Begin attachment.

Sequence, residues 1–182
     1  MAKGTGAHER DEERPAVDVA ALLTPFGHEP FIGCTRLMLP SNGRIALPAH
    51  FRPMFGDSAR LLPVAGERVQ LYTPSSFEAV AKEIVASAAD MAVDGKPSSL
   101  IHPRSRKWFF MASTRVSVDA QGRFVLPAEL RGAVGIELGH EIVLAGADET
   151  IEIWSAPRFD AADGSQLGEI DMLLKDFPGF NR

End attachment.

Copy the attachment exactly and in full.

Sequence, residues 1–182
     1  MAKGTGAHER DEERPAVDVA ALLTPFGHEP FIGCTRLMLP SNGRIALPAH
    51  FRPMFGDSAR LLPVAGERVQ LYTPSSFEAV AKEIVASAAD MAVDGKPSSL
   101  IHPRSRKWFF MASTRVSVDA QGRFVLPAEL RGAVGIELGH EIVLAGADET
   151  IEIWSAPRFD AADGSQLGEI DMLLKDFPGF NR